[BH] This story is seriously incredible. Kathryn Otoshi addresses the issue of bullying in the most unique and engaging way I have ever seen. I love the way she uses colors and numbers to portray the characters in the story. She creates opportunities for you to talk with your little without having to ask too much: Have you ever felt like blue? Have you met anyone like red? Wouldn’t it be nice to be like 1? I mean, she somehow fits colors, counting, and a moral lesson into this compact story without making you feel overwhelmed! I am in awe of the impact this book can make on anyone who reads it. It is a fabulous story for your little and also a small reminder for yourself to always be that positive light. Thank you, Kathryn Otoshi, for writing this book.
[G] Honestly, this book is just fantastic. The colors are vibrant, the way Otoshi characterizes the colors and the numbers makes you really feel what she describes, and the morals she teaches are lifelong lessons. This is a great book to help you start talking about feelings with your little, she covers a lot! And she doesn’t just put random feelings in the book, these are things your little will experience at some point, if they haven’t already. Case in point: bullying. I personally think talking about bullying can be challenging, because emotions can run high. However, this book does a great job of introducing the concept in a way that little can understand. It’s a great way to start this discussion. The way that Otoshi also deals with the bully is refreshing. It’s nice to see a character actually stand up to a bully in a respectful, yet powerful way, and the feelings produced because of that.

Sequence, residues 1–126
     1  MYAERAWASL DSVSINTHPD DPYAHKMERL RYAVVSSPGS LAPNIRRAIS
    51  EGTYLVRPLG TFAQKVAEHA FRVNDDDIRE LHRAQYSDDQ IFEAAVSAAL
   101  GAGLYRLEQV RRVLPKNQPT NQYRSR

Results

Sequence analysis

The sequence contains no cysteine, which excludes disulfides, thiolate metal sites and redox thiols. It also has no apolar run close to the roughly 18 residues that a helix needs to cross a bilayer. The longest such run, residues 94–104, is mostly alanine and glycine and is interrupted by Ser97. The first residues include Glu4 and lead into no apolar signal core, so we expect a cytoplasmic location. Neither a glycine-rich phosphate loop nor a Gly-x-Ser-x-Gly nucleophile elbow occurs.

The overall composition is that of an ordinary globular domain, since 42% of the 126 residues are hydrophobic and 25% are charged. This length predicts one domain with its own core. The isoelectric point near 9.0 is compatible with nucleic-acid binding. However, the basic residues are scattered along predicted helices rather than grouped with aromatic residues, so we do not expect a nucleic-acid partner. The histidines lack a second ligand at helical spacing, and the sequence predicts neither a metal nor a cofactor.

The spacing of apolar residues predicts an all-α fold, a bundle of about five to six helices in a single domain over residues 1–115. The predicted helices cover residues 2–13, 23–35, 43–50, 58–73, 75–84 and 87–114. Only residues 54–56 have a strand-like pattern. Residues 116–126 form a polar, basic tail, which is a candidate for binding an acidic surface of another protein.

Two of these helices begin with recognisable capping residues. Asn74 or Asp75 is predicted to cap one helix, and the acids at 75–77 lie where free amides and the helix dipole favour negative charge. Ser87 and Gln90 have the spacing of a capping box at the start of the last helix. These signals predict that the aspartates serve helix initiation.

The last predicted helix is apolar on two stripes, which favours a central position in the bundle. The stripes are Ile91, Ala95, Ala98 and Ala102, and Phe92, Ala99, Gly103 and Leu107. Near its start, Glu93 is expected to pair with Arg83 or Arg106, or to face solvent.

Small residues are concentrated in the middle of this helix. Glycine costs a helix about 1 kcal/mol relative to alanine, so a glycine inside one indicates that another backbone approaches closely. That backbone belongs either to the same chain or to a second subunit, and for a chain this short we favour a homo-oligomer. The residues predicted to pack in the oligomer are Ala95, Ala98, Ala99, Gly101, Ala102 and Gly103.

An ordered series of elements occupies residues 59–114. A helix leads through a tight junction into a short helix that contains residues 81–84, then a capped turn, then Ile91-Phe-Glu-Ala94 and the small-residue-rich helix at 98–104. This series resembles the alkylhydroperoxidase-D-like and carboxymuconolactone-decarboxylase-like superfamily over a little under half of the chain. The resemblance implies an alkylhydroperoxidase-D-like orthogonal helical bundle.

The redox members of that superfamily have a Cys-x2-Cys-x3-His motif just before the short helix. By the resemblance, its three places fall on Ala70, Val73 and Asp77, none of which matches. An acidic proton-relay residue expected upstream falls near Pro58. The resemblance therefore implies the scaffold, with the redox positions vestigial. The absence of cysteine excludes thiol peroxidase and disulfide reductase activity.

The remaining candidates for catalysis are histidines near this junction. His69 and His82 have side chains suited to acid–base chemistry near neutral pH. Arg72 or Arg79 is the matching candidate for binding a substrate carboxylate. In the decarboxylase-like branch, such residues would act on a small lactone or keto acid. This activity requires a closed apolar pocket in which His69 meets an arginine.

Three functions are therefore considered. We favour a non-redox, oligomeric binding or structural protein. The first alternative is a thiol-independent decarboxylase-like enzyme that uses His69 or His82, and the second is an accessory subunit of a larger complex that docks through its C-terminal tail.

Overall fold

Go through the book and ask your little about what they see on the page! What colors do they see? What numbers do they see? What size are they?
This book starts out with colors and then attaches feelings to those colors, so we will use that as our starting point for this activity.
Get out some colors for your little and prompt them to draw what a feeling looks like. For example, ask them to draw something that makes them feel sad and blue like in the book when Red picks on Blue.